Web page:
Time to read: 7 minutes |
The first half of May has been a rude awakening for investors as the U.S./China trade conflict has unexpectedly escalated. This escalation started with a weekend tweet by President Trump, followed by increased tariffs on Chinese imports that range from 10% to 25%. The response from China – tariffs on $60B of U.S. goods – was announced shortly thereafter. Early negotiations were peppered with inflammatory rhetoric, but many on Wall Street believed the tone on both sides had been tempered. A trade agreement was widely anticipated, so capital markets quickly turned lower on the news of this escalation.
The official signing of a trade deal between the U.S. and China appears elusive at the moment, as do the details of any agreement. However, a deal-in-the-making is still a distinct possibility. The U.S. and China are the two largest economies in the world and each other’s most significant trading partner. While China is the largest foreign holder of U.S. government bonds, the United States is the largest consumer of Chinese exports. In short, the stakes are high, and both sides have an incentive to strike a deal.
President Trump has long said that he seeks to narrow the U.S. trade deficit with China. It’s been widely reported that a deal would involve China buying more U.S. goods; however, that won’t necessarily change overall demand for U.S. made products. If China purchases more exports from the U.S., it would likely mean they would make fewer purchases from Canada and Eurozone countries – economies already experiencing hardship. Observing recent trade trends led us to several interesting charts to share with you.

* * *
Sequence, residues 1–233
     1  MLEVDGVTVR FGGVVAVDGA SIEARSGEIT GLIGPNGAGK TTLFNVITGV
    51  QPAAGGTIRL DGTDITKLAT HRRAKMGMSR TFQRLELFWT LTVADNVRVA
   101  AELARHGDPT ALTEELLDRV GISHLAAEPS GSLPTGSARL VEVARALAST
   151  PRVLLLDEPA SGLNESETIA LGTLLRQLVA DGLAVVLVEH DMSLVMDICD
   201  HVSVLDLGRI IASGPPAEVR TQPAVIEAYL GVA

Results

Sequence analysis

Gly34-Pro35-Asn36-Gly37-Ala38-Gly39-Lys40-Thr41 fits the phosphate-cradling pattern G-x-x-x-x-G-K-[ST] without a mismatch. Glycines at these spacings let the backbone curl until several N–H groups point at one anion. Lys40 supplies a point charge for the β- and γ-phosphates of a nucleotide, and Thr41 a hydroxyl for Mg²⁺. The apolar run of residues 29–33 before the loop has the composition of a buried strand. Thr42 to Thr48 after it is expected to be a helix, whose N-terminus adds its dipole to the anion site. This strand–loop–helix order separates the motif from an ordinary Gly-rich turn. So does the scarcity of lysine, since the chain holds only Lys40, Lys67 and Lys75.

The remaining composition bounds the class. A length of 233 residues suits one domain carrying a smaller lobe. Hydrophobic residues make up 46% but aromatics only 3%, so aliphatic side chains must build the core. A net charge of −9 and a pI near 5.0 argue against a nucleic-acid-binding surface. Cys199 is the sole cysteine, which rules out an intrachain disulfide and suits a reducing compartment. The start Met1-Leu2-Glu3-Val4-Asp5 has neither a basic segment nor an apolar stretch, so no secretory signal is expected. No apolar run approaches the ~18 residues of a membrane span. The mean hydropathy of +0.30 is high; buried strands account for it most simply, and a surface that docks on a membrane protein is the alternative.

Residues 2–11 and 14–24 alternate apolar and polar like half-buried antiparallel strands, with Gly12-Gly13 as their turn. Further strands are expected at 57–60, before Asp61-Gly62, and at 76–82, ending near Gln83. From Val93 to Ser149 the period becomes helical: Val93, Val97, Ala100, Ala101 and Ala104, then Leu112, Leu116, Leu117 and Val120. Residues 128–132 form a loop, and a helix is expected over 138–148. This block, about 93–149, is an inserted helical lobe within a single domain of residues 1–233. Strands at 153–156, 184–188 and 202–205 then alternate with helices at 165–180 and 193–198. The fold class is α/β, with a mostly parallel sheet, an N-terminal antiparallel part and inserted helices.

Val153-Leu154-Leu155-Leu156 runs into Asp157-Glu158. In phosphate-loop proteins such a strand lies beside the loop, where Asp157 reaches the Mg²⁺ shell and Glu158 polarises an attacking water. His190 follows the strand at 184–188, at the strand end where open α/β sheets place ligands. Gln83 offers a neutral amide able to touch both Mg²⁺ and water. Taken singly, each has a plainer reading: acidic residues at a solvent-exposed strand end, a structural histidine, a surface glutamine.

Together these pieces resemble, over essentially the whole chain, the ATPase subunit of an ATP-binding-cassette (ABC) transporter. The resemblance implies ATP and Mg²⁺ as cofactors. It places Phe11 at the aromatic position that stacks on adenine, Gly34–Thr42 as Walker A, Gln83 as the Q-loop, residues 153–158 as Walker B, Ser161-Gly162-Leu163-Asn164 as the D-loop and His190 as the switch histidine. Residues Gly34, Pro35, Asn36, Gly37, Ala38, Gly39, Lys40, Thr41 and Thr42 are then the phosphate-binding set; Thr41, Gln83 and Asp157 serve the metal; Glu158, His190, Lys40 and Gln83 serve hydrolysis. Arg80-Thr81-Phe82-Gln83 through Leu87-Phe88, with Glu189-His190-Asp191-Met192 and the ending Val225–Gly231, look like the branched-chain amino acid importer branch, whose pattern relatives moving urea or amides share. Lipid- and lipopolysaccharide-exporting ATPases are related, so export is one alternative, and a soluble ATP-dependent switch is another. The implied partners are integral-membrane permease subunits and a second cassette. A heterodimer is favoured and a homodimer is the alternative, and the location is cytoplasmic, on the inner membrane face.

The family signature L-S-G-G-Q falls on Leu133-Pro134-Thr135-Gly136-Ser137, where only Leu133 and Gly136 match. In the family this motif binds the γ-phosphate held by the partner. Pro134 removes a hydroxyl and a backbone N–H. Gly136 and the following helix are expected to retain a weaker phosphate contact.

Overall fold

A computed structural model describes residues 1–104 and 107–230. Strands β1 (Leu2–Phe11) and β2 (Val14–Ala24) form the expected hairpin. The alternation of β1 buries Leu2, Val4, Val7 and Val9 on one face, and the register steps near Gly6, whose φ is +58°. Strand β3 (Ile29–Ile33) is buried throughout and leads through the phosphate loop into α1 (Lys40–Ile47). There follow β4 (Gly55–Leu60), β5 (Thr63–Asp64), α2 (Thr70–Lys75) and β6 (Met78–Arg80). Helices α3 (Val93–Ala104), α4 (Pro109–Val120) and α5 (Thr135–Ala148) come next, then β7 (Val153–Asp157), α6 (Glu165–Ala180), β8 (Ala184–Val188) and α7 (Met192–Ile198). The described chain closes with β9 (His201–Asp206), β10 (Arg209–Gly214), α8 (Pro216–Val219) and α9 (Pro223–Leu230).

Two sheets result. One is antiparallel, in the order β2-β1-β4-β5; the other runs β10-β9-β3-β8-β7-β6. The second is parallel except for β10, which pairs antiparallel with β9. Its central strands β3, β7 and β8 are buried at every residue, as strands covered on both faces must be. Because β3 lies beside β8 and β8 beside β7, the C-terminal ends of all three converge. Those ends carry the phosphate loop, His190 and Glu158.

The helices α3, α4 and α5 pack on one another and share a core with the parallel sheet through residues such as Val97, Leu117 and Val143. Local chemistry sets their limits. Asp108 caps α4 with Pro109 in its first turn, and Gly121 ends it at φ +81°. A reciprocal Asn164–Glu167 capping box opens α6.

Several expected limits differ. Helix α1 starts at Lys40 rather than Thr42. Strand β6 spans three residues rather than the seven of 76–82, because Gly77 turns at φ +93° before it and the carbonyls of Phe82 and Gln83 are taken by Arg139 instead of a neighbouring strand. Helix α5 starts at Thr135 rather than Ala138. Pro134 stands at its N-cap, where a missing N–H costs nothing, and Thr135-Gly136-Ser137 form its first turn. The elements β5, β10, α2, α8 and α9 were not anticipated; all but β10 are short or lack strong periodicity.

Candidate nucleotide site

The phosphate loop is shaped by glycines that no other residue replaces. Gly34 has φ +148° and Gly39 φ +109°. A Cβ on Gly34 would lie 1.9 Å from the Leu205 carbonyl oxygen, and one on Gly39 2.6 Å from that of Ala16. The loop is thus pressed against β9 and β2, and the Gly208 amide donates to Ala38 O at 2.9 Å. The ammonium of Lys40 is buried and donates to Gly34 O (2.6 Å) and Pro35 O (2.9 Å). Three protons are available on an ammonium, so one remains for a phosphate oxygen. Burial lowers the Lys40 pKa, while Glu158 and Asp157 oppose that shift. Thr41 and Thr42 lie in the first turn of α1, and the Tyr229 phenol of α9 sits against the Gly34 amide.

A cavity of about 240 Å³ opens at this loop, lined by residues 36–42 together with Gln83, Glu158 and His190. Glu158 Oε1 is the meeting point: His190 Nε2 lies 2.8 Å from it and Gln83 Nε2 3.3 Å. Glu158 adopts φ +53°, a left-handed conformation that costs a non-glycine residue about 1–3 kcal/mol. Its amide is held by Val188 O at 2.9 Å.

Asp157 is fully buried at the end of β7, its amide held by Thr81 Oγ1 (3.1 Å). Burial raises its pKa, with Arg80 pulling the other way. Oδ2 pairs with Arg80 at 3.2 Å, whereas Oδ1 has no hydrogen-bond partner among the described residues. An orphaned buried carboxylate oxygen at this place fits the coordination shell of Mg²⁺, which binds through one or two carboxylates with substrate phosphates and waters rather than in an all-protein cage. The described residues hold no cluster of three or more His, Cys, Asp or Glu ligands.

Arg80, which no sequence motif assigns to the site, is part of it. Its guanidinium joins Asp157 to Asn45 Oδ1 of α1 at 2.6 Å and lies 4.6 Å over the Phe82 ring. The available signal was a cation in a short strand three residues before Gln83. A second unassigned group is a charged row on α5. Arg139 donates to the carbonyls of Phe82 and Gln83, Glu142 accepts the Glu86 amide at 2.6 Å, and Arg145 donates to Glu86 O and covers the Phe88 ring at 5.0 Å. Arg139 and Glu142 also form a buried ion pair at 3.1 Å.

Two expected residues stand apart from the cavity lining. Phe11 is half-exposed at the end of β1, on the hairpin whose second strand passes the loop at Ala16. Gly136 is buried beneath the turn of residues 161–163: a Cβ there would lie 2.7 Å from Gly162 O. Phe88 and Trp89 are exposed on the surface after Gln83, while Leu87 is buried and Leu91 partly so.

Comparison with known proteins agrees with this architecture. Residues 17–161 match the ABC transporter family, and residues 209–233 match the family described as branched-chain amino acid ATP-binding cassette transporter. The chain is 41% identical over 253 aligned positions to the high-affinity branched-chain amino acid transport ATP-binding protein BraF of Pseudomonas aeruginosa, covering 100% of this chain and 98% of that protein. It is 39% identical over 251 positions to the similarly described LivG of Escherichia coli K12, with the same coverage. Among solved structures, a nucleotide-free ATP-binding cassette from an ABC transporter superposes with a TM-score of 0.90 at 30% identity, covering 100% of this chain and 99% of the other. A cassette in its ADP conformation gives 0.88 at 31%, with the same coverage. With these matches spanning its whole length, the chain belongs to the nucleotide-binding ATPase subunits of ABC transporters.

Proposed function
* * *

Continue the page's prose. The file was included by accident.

Looking at the U.S. trade balance with China in the chart below, it’s apparent that our trade deficit has continued to widen since 2016, despite the Trump administration’s objective of reducing this deficit. Trade tensions have likely contributed to our reduced imports from China, which are down 14% year-over-year. Additionally, U.S. exports to China have fallen roughly 19% year-over-year.
We also believe that reduced trade has contributed to slowing global economic growth. Despite a healthy domestic economy, Ned Davis Research’s Global Recession Probability Model remains elevated at over 90%, as shown in the next chart.
We see some positive news in all this as the recent market volatility quickly relieved the excess optimism that has persisted for much of 2019. NDR’s Daily Trading Sentiment Chart below demonstrates the shift.
We continue to remain slightly underweight in equities in our portfolios while we wait for fundamental improvement in the global economy, U.S. corporate earnings and/or a meaningful trade resolution between the U.S. and China.
The opinions voiced in this material are for general information only and are not intended to provide specific advice or recommendations for any individual. All performance referenced is historical and is no guarantee of future results. All indices are unmanaged and cannot be invested into directly.
The economic forecasts set forth in this material may not develop as predicted and there can be no guarantee that strategies promoted will be successful.